There is broad agreement amongst scientists that insect declines are driven by a range of factors, including habitat destruction, climate crisis, light pollution, increasing fertilizer use, and the impacts of invasive species. Pesticides play a key role as well. Impacts of pesticides on insect populations have been examined in most detail for butterflies, a group of insects for which exists relatively good population data. For example, organic farms have been found to have more butterflies than non-organic neighbors, and pesticide-treated gardens had about half as many butterfly species as untreated ones. Use of neonicotinoid insecticides in particular have been found to correlate with patterns of butterfly decline, in both UK and California. However, it is not possible to accurately specify to which extent the decline is linked to the use of pesticides, not least because habitat loss, farming intensification and pesticide use are all strongly correlated with another.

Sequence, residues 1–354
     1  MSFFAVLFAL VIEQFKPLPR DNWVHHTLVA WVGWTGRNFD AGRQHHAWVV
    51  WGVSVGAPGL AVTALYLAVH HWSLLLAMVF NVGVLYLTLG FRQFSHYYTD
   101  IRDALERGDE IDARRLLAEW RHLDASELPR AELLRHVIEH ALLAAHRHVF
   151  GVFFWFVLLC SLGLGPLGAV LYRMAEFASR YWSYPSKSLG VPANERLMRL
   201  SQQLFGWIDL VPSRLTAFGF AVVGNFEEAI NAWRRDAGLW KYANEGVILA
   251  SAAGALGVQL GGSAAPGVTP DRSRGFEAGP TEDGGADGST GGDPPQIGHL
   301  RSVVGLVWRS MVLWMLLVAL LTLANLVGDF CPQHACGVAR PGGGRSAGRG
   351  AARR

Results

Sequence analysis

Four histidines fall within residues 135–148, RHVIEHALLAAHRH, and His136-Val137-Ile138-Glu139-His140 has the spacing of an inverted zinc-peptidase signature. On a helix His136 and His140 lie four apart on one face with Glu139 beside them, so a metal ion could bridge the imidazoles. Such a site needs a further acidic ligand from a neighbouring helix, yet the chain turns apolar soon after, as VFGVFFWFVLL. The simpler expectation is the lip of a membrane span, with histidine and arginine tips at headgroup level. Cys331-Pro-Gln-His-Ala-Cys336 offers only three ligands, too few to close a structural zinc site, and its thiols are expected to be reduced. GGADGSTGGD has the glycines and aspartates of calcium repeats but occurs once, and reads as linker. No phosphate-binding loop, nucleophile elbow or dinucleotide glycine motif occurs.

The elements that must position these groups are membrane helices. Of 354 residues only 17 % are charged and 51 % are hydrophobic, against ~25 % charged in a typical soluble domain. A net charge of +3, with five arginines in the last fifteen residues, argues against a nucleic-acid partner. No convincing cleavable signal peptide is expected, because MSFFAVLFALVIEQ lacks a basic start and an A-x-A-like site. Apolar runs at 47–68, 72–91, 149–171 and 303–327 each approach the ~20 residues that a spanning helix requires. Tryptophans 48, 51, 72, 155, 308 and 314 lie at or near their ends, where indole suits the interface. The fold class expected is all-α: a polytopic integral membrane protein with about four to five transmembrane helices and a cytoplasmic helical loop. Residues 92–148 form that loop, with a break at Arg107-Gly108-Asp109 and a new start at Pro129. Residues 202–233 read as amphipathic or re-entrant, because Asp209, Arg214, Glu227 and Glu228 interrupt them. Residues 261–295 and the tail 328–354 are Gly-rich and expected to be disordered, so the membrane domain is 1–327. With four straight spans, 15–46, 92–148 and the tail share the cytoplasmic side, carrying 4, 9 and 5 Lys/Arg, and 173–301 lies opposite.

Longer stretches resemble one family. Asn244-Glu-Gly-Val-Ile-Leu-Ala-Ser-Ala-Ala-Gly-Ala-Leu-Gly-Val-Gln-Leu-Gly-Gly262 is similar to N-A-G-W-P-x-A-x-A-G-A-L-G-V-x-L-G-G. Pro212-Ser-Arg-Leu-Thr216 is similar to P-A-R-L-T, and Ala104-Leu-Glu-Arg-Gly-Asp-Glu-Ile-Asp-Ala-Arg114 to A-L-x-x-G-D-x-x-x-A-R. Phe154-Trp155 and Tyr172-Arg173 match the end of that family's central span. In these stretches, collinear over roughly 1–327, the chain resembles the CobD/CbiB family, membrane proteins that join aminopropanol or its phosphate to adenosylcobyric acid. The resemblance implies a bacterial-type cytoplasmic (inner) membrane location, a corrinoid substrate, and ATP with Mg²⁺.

In absolute terms, the losses seem relatively limited. Many cereals are not dependent on pollination – unlike the majority of fruit and vegetable species from which we obtain vital vitamins and minerals.

The impacts of pesticides on the environment were first highlighted in 1962 by Rachel Carson in her book Silent Spring, which drew attention to the problems being caused by the extensive use of early insecticides such as DDT (dichlorodiphenyltrichloroethane) and organophosphates. Although these early chemicals were eventually banned in most countries, they have been replaced with successive generations of new compounds, many of them much more toxic to insects. For example the neonicotinoid insecticides, introduced in the 1990s and now the most popular insecticides in use globally, are approximately 7,000 times more toxic to insects than DDT.